Rai stuck his tongue out at him. He got to his feet, not bothering to dust himself off, and started running down the edge of the river, disappearing around the curve of the bank. Rayden started after him, and Arnie, now over his amazement and much more comfortable by the river, tried to keep up.
"I don't like this," he said, shivering. They stood at the river's edge. It was wide and fairly fast flowing; there were innumerable whitecaps breaking along its surface.
A rope had been strung between two trees, on opposite banks. Rai jumped up and caught the rope between his hands, then swung up, and started climbing along it. When he was about half-way, Rayden ran up and yanked on the rope, hard, causing it to jerk back and forth.
Rai yelled, and lost his grip, falling into the stream. He came up a split-second later, shaking his now-sodden head. He was grinning like a maniac, and Arnie realised that he had wanted to fall in. Rai was nuts.
Rayden waited for Rai to make it to the other side (the river was not deep; it was waist high to the boy) and then started on his own way over. At the midpoint, Rai copied his brother's action and pulled down on the rope, sending Rayden flying, and then falling, into the river.
Rayden splashed up, whooping. "Come on, Arnie, your turn!" he yelled.
"The baby won't do it," Rai argued, from the shore.
"I can to!" Arnie yelled, indignantly. He tried jumping up to reach the rope, but he was too little. Rayden waded back to dry land and helped his cousin grab a hold.
"Hold it with your legs," Rayden said, waiting patiently while Arnie tried to get the hang of it. At last the boy signalled that he was ready to try it. He started, inching, his way forward.
Arnie was terrified. Truly terrified. It was sheer fear alone that kept his fingers clutching the rope, that kept his legs locked around it. He inched his way forwards, trying to ignore the sound of the river rushing by underneath him. He could do it. He would. That would show them. That would--
Suddenly, his world seemed to leap straight up. Rayden was pulling on the rope, trying to shake Arnie off.
Panicked, Arnie held on for dear life, while he was jerked up, down, and sideways.
"Let me do it!" Rai yelled, lending a hand. Both boys tried their hardest to shake Arnie free. But he held on. Gradually, the shaking ceased, and was only a swaying. Arnie could handle swaying.
Putting one hand out, he slowly began forward again, creeping along.
Finally, he looked down and saw the shore. He dropped, exhausted by the effort. He lay, gasping, in the shallows. Raimei stood over him, looking down. He tried to smile up at his cousin.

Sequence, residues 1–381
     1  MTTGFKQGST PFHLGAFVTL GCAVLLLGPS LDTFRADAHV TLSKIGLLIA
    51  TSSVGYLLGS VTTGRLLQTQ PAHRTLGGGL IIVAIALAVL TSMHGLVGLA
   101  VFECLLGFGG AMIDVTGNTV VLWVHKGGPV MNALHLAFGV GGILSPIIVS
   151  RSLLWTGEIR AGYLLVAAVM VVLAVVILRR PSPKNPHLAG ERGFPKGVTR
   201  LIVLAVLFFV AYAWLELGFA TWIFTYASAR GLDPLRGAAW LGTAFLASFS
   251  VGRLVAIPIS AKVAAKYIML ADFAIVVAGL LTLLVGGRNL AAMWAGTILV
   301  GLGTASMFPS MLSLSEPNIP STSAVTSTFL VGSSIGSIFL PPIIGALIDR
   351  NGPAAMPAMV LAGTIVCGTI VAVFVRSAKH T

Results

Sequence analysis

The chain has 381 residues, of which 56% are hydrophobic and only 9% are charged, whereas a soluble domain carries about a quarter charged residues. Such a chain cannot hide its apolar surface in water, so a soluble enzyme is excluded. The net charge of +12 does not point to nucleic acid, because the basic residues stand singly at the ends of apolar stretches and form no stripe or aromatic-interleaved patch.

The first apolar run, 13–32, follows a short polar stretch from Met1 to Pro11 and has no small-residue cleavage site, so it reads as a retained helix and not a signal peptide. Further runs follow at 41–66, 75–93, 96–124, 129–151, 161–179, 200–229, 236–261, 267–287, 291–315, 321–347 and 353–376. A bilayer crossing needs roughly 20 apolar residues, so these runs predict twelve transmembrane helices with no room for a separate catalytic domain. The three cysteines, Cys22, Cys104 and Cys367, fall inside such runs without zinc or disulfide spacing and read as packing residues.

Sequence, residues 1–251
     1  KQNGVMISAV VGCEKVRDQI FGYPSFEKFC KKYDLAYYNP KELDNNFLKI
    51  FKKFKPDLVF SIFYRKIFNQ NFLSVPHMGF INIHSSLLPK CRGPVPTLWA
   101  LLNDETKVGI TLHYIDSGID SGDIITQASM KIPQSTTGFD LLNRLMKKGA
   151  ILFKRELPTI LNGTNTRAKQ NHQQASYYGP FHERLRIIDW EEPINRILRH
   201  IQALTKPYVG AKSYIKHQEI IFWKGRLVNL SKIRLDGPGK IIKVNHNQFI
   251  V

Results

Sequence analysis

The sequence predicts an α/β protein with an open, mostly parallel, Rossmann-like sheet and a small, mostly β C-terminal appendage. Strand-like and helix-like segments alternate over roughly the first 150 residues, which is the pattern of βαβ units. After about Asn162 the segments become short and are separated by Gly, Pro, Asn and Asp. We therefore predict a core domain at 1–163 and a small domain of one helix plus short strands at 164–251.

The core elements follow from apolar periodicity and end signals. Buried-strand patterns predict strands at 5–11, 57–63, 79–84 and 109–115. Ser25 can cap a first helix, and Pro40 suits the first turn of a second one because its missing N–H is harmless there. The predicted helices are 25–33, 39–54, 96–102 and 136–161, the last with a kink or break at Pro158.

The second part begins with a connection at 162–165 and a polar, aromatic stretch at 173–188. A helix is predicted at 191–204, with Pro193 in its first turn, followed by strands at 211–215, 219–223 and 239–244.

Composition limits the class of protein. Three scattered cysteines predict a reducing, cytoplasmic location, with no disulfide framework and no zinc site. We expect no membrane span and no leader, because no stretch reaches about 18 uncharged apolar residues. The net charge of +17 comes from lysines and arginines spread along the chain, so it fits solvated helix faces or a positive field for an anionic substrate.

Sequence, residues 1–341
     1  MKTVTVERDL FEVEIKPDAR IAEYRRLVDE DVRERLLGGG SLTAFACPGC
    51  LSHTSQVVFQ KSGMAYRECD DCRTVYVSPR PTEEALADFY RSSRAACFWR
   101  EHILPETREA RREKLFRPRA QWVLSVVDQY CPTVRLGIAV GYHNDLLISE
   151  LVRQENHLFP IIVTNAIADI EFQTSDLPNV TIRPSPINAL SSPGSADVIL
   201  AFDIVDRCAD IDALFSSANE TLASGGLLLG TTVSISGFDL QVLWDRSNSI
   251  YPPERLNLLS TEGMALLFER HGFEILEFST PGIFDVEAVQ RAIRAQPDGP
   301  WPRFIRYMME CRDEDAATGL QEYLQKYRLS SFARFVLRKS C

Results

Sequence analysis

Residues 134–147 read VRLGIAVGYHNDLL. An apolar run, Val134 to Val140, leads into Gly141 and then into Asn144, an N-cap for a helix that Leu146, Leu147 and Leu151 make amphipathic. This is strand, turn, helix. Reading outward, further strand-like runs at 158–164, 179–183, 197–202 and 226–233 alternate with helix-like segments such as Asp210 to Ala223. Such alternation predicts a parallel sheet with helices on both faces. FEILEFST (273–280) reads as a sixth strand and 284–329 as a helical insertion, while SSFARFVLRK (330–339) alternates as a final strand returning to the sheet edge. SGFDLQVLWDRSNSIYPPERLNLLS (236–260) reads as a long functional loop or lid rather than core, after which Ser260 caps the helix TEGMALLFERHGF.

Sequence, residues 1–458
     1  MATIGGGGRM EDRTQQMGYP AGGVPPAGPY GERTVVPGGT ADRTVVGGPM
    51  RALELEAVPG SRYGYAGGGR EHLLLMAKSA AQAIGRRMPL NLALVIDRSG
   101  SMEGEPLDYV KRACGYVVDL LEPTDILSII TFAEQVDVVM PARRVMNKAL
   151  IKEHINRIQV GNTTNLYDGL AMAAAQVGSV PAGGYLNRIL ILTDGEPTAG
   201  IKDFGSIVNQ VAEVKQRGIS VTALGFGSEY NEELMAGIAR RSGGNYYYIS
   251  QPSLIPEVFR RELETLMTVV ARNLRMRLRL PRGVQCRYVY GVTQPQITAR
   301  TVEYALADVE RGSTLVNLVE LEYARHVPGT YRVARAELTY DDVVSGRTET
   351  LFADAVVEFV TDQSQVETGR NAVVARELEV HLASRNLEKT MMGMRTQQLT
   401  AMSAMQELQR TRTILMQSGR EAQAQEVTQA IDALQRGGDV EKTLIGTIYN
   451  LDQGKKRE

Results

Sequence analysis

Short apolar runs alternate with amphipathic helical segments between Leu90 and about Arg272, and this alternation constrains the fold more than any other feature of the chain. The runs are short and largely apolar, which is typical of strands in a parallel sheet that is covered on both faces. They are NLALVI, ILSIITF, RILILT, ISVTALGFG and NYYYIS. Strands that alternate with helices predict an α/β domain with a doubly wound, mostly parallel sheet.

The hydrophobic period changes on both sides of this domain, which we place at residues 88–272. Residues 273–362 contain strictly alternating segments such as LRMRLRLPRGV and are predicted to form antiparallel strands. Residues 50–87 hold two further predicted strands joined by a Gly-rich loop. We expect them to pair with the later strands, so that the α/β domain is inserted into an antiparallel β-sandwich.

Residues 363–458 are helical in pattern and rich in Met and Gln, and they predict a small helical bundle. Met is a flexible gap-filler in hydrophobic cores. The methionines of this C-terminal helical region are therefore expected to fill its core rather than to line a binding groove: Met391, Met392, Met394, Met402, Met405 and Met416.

"Stupid," Rai said, with a scowl. "You were supposed to fall off. You did it wrong."
"It's been a long three days," Theresa admitted, after she pulled away from her embrace with Suyuan. The two women were close, even though they were only technically second cousins. "But Luminous finally got it under control."
"That's good," the other goddess replied. "Arnie has just been a dear."
"Yes, he is, isn't he?" Theresa murmured. "Hi, Arnie, sweetheart, did you miss me?"
Arnie ran to his mother's arms, and she picked him up and hugged him. "You're shaking!" she exclaimed. "What happened?"
Suyuan sighed. "Rayden and Rai. They're terrible. And Thor just lets them get away with anything."
Theresa stared, uncomprehending.
"They played all sorts of tricks on him," Suyuan explained, patting Arnie's back. The boy was sniffling, with his head buried in the crook of his mother's neck. "I tried my best, but I couldn't watch them all the time."
"No, no, I understand," Theresa sighed. "I suppose he has to get used to it sooner or later."
"I want to go home," Arnie whimpered.
Suyuan sighed. "I was hoping that you'd stay for a bit-- "
"I'll come back, right after I get Arnie settled," Theresa interrupted. "I won't be long." Her cousin waved goodbye, as she teleported away with her son.
Suyuan turned and stuck her head around the corner. "Rai! Rayden! Get in here, right now! I want to have a talk with you!" They both scuttled in, knowing that Having A Talk could only mean trouble. She scowled. "I told Aunt Theresa that you two were going to behave yourselves!"
They had nothing to say, and their mother continued. "And then I have to tell her that you tormented her son for three days straight! Why in the Name would you want to do such horrible things to poor little Arnie?"
"He's annoying," Rai finally admitted.
"He whines too much," Rayden added.
"He won't keep up."
"He doesn't like our games."
"He cries," Rai said, with disgust. Rayden nodded.
"A lot," her eldest agreed. "All the time."
Suyuan rubbed her eyes. She suddenly felt very tired. "What am I going to do with you two?"
Rayden started to open his mouth, no doubt to say something smart, but a glare made him reconsider, and he remained silent.
"I tell you what I'm not going to do," Suyuan continued, "I'm not going to let you two go to this year's Festival."
"Mommmm!" They wailed, in unison.
"That's final." She pointed out into the corridor. "Now, I want you to go to your room. No more playing outside today."
Rai grumbled and Rayden scowled and both slouched off towards their room. "Way to go!" Rai exclaimed, giving his brother a savage shove.
"It's not my fault!" Rayden retorted, pushing back. They started to scuffle, but Suyuan just closed the door on them. She sighed, again, heavily, and wished she kept a bottle of nectar around for the occasion...